I decided to go to Stoicon as part of a personal calling to learn all I could from the philosophy and others actively studying it. Each of the conversations I had at the event were meaningful, providing insight into each person’s practice and experience. The pacing and depth of each workshop and seminar was well-managed, making for constructive, fulfilling days. I easily recommend to anyone with the means to go to do so.

Mark Trumble – attended Stoicon 2017 in Toronto

Ever since I was a young boy I had wondered what the good was, and how to live it. At an early age I sought what the wisest men had said about it, so that I could have a better idea on how to live my life. This lead to the study of philosophy, both formally and informally, and this also lead to watching innumerable philosophy videos. If you watch videos on philosophy on youtube you cannot but help to run into Greg Sadler. After watching innumerable hours and taking some courses from him I decided to attend the Stoicon conference. I certainly wanted to meet him, as well as anyone else who was both knowledgeable academically, or who practically lived a good life. The lectures were useful in confirming what I knew, expanding and expounding what I I didn’t, and gave me direction in what to research and question further. While I was not turned instantaneously into a sage, it certainly made my path seem a little less solitary, and began to open new vistas of what a good life could look like.

Chuck Chakrapani – attended Stoicon 2016 in New York and Stoicon 2017 in Toronto – presented at Stoicon 2018 in London

Attending the Stoicon conference is an interesting experience. You get to meet like-minded people who live close to you and those who live thousands of miles away from you. Yet get to meet people who have been practicing Stoicism for fifty years and those who have been dabbling with Stoicism for five months. You get to meet the committed, and you get to meet the curious.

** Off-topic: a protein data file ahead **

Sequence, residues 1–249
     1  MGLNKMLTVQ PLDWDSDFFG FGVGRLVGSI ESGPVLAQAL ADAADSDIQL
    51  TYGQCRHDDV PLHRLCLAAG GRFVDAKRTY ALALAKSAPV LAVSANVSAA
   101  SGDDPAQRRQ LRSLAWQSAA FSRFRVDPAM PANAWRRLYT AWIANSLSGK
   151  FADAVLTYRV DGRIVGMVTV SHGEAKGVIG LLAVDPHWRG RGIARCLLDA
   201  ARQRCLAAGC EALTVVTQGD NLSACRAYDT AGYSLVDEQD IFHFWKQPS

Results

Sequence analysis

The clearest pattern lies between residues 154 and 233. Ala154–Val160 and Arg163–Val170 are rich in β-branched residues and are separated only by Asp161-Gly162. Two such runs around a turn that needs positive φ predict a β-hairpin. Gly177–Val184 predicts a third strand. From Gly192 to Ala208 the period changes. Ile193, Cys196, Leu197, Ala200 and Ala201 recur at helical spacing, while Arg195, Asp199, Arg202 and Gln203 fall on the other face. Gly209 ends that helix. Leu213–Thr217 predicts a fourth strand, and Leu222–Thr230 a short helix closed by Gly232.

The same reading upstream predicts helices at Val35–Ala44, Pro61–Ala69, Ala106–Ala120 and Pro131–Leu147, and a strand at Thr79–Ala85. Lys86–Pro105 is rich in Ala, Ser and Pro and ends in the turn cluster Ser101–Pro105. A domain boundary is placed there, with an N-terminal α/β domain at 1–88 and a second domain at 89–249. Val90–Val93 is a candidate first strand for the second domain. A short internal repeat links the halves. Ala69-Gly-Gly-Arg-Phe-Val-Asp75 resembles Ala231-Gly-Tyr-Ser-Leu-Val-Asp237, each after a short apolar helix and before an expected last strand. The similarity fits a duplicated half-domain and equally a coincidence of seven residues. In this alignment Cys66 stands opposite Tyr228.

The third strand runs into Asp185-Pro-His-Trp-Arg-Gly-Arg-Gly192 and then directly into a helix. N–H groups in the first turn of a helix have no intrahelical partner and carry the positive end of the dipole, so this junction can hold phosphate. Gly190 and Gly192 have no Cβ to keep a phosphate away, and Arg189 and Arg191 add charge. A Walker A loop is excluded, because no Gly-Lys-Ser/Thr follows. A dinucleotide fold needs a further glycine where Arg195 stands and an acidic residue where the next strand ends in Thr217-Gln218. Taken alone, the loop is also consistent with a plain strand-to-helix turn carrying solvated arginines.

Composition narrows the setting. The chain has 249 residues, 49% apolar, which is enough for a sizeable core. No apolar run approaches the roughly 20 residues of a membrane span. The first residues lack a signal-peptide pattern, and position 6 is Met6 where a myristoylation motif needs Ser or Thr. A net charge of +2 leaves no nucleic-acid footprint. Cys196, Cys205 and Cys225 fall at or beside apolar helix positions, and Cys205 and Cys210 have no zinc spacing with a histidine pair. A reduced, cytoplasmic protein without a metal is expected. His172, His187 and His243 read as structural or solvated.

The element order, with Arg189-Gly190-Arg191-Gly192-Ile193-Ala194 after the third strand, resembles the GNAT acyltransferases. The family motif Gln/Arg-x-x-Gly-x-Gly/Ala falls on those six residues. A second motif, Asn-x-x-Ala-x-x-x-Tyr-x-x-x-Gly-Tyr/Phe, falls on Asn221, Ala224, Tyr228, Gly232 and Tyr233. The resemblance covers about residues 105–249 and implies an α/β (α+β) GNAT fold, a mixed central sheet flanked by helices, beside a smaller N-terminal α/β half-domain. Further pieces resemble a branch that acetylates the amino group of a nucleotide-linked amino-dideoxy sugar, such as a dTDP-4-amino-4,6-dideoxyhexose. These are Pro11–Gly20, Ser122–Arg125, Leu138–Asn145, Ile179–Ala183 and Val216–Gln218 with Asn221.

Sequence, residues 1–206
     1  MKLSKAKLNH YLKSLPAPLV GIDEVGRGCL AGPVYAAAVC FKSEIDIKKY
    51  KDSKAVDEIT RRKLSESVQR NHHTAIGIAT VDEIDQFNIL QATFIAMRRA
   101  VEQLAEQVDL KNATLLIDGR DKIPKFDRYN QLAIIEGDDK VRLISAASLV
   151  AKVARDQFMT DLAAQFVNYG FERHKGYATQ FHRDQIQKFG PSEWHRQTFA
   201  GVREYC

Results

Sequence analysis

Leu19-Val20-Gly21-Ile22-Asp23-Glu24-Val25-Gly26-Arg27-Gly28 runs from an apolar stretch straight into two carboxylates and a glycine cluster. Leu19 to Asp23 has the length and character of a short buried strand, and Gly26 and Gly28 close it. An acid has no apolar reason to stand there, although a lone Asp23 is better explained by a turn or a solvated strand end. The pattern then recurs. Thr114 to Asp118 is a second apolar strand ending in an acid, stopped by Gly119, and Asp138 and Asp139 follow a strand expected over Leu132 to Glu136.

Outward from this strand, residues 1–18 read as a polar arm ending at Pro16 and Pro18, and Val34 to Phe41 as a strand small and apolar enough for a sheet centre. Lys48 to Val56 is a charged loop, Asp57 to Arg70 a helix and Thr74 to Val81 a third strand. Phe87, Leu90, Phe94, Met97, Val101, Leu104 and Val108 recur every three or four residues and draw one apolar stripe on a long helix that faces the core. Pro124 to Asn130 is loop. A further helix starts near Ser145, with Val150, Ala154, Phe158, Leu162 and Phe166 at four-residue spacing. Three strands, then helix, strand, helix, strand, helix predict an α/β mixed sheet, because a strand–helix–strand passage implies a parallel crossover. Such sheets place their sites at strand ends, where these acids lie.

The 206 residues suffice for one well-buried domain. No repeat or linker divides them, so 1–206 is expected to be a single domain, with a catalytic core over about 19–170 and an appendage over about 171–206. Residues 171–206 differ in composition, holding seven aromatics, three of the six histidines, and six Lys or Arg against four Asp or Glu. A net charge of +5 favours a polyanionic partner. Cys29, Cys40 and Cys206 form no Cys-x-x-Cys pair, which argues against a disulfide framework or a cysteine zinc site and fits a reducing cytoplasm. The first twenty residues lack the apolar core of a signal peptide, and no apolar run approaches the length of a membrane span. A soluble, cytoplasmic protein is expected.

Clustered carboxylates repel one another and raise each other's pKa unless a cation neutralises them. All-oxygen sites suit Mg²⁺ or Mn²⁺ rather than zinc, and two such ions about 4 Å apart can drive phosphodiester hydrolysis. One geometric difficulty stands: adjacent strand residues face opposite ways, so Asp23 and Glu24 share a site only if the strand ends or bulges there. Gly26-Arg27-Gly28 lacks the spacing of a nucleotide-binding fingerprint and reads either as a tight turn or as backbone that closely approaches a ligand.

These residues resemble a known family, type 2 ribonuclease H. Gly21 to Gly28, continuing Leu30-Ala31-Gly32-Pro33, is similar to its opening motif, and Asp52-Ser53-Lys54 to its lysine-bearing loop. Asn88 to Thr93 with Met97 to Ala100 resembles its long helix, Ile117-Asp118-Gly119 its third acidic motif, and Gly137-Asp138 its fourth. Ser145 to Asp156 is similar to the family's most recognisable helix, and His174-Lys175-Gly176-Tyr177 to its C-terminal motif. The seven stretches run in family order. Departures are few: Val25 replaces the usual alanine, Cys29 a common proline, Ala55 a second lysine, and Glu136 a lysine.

And then you have fascinating talks by scholars and practitioners. You have parallel sessions in which you can explore the topic that interests you more. And if you cannot get enough of it in one day, it is followed by Stoicon X the following day.

I have been attending Stoicon for the past three years and, for me, it is one of the most anticipated, ‘preferred indifferent’ events of the year!

We will be posting more information about Stoicon 2019 as it becomes available, so stay tuned. And if you can’t make the main Stoicon, keep an eye out for the smaller Stoicon-X events in different places all over the world (we’ll publicize information about those as well, as it becomes available).

Call For Contributions – Impressions and Insights from Readers about Stoicons Past

As we gear up for Stoicon 2019, Stoic Week 2019, and all the Stoicon-X and other events that will be taking place later in the Fall, I thought it might be good to solicit and compile contributions from some of the many people who have attended any of the Stoicons we have held in past years, in London, Toronto, and New York. That way, those attendees could provide their impressions, insights, and other reflections to those who haven’t yet attended, but might be thinking about going to Stoicon 2019 in Athens.